¶54 Appellant asserts that the trial court erred in not instructing the jury that there existed a `presumption of mitigation' which should stand until the State has disproven the existence of each mitigating circumstance beyond a reasonable doubt. The record reveals that the trial court gave an instruction which was similar in substance. For the reasons stated in Fox v. State, 779 P.2d 562 (Okla. Crim. App. 1989), we find that the instructions given concerning sentencing and legally recognized presumptions adequately advised the jury of the appropriate law.
¶55 Appellant contends that admonishing the jury against letting sympathy play a part in their deliberations prevented them from considering the full range of possible mitigating factors in violation of the Eighth and Fourteenth Amendments. For the reasons stated in Fox v. State, 779 P.2d 562 (Okla. Crim. App. 1989), we find this assignment to be without merit.
¶56 In his final assignment of error, appellant contends that during the second-stage closing argument the prosecutor improperly urged sympathy for the victims. However, a review of the record reveals that none of the alleged improper comments were objected to at trial. Therefore, [779 P.2d 590] all but fundamental error has been waived. James v. State, 731 P.2d 1384, 1388 (Okla. Crim.App. 1987). We find that none of the remarks complained of violated any fundamental right of the appellant. Indeed, the comments or inferences were based on properly admitted evidence. This assignment of error is without merit.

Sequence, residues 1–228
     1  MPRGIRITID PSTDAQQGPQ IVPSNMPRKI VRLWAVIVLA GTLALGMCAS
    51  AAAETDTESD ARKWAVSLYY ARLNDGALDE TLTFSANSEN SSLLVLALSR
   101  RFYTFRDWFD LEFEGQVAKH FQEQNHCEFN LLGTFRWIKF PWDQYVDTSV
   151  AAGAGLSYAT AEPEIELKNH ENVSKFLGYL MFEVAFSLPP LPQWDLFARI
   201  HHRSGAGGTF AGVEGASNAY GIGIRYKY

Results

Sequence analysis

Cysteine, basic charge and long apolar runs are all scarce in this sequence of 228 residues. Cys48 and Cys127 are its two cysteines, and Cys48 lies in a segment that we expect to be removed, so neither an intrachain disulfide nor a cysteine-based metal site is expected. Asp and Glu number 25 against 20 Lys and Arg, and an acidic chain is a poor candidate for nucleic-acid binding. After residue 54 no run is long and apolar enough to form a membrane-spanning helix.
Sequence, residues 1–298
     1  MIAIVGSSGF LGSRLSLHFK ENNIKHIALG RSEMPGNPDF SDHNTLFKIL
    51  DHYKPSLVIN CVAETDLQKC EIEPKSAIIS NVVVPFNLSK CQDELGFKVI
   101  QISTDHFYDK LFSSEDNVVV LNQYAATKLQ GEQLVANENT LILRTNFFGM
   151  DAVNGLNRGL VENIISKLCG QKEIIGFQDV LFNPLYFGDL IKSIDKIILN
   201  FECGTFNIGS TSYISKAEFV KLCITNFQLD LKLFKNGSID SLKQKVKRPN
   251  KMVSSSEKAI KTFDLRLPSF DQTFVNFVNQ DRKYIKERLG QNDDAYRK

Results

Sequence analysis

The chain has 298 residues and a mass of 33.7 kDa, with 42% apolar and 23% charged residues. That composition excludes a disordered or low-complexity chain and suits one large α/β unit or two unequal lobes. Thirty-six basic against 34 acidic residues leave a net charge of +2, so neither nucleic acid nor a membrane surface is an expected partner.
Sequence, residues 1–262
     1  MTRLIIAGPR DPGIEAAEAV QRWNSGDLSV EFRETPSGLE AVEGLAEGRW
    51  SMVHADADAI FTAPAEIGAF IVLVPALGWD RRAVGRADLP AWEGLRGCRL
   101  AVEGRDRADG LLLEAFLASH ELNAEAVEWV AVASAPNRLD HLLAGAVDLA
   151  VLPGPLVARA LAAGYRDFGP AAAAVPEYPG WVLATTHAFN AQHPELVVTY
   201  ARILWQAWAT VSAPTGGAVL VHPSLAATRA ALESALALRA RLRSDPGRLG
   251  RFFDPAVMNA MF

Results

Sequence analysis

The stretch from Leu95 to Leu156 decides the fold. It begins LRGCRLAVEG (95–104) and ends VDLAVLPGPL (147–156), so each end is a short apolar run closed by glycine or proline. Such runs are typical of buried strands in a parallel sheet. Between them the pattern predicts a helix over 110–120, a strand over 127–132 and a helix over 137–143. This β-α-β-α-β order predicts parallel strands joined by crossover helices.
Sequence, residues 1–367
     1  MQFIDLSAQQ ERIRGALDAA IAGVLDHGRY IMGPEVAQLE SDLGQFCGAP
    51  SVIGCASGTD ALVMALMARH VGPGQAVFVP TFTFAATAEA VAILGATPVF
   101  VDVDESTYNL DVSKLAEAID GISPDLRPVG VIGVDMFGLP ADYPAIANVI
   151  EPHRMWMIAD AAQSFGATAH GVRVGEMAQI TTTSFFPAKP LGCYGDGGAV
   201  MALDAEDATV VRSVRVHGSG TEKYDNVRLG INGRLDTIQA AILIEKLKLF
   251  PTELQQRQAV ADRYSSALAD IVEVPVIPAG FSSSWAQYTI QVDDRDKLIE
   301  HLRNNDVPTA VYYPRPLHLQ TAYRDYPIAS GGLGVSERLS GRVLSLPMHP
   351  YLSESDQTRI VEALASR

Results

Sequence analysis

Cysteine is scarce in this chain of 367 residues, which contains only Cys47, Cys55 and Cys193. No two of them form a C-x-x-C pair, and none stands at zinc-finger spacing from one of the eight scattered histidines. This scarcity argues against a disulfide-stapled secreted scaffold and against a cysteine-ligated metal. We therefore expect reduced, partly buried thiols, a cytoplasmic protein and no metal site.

¶57 According to 21 O.S. 1987 Supp., § 701.13 [21-701.13], we have reviewed the evidence and verdicts and have determined that: 1) the sentences of death were not imposed under the influence of passion, prejudice or any other arbitrary factor; and, that 2) the evidence supports the jury's findings of the five aggravating circumstances charged, which were:
1) the defendant knowingly created a great risk of death to more than one person;
2) the murder was committed for the purpose of avoiding or preventing a lawful arrest or prosecution;
3) the defendant was previously convicted of a felony involving the use or threat of violence to the person;
4) the existence of a probability that the defendant would commit criminal acts of violence that would constitute a continuing threat to society; and,
5) that the murder of John Barrier was especially heinous, atrocious, or cruel.
¶58 Finding no error warranting reversal or modification, the judgments and sentences are AFFIRMED.